The vision was always: What could this brand become? In the early days, we were more worried if we were going to be around next month, the survival of the business. After the first year, and as we saw customers believe in us, we saw there was an opportunity.
Are you primarily a men’s brand today, or how does the women’s side stack up?
For two years, we did strictly men’s, but to date, we are about 50-50 men’s and women’s. We’ve been selling a ton of women’s stuff. Our men’s brand is larger on social media, and we also have a lot of women who buy men’s watches, so it’s a little skewed. MVMT has been historically known for the men’s imagery and campaigns, but our new campaign definitely focuses more on women’s.
How do you think the brand has changed since you started it?
The brand is always growing and evolving. We are trying to think about it from a men’s and women’s perspective. As we come out with more products and categories, we are trying to make sure everything aligns. Doing the same storytelling offline as we do online, whether we do our own stores or shop-in-shops, is about making sure the brand story doesn’t get lost. — Danny Parisi
Timeline: The fall of the Fifth Avenue flagship
Last week, Tommy Hilfiger became the latest fashion company to shutter a Fifth Avenue flagship store. Despite seeing growth (analysts predict the brand’s sales will grow 6% in 2019), the brand said it’s time to focus more on younger, digitally-native customers. Supporting a flagship store on one of Manhattan’s most iconic shopping streets doesn’t factor into that millennial and Gen Z-focused approach.
Tommy Hilfiger is just one of many legacy fashion brands breaking up with Fifth Avenue flagships. In the last few years, companies from Henri Bendel to Gap have announced closures of these massive, multi-story retail spaces. Some blamed pricey rent or declining sales, while others said they’re putting more resources into e-commerce. Here’s a quick look at the timeline of the fashion exodus from Fifth Avenue.
March 2019: Tommy Hilfiger announced plans to close its flagship store, located at 681 Fifth Avenue, in March of this year, despite a relatively strong growth outlook. The brand opened the doors of the four-story location in 2009.
January 31, 2019: After 123 years in business, Henri Bendel announced the closing of all 23 of the brand’s locations, including the Fifth Avenue flagship. Stores stayed open through Jan. 2019. Parent company L Brands shared the news in Sept. 2018. L Brands CEO and chairman Leslie Wexner said at the time it was part of L Brands’ plan to, “improve company profitability and focus on our larger brands that have growth potential.”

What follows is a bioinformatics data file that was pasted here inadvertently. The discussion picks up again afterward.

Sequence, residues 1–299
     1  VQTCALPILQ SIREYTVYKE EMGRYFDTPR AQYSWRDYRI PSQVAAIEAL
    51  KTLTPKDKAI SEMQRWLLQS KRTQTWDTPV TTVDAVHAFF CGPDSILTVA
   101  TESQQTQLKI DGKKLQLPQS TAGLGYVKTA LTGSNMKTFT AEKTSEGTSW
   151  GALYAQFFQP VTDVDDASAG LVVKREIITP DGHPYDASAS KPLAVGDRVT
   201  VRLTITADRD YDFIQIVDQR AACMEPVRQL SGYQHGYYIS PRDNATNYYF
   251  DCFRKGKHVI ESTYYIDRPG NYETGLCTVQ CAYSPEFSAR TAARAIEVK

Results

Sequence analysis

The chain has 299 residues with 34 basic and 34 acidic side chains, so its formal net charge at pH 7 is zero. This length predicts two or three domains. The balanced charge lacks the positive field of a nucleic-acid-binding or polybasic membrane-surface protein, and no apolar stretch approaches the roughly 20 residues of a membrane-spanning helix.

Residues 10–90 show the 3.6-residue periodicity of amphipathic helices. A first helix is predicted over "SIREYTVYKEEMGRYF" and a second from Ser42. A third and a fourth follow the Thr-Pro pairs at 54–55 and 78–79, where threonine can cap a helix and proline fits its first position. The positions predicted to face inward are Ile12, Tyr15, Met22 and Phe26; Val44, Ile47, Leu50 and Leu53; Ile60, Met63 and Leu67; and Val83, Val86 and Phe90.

January 20, 2019: Gap started off 2019 with a blow. On Jan. 20, the brand closed its flagship store, located at 680 Fifth Ave, after 20 years in that space. While some of Gap’s sister companies including Old Navy and Athlete continue to see strong quarterly results, Gap has been struggling to deliver. Gap Inc. said at the time that, by closing the flagship, the company could focus more on high-performing stores and brands.
January 2, 2019: Just as people were ringing in the New Year, Lord & Taylor said goodbye to its 11-story Fifth Ave flagship. Back in 2017, the real estate was sold to company WeWork for about $850 million. Lord & Taylor first opened its doors back in 1914.
April 2017: Ralph Lauren Corp. closed its 711 Fifth Avenue location to help the brand cut costs and focus more on an e-commerce strategy. While the brand did keep its neighboring Polo Bar Restaurant and several other NYC locations open, Ralph Lauren shared plans to close dozens of other stores as well.
What we’ve covered this week
‘Not sexy but cost-effective’: How Clarks revamped its emails to drive sales
“As we are thinking more holistically about the consumer journey, it’s not just about sending them an email and then another email and another, but rather being more relevant with our data and making it more personalized.”
How Crocs leveraged user-generated content to capitalize on its Gen Z fanbase
“We have defined consumer segments, and our younger ‘explorer’ consumer has played an increasingly important role in shaping our global product and marketing strategies.”
Why skin-care brand Sunday Riley is partnering with United Airlines
“Globalization is [increasing]. Everyone is more connected, and travel is a part of everyone’s life, and that includes our followers, customers and blog readers.” — Katie Richards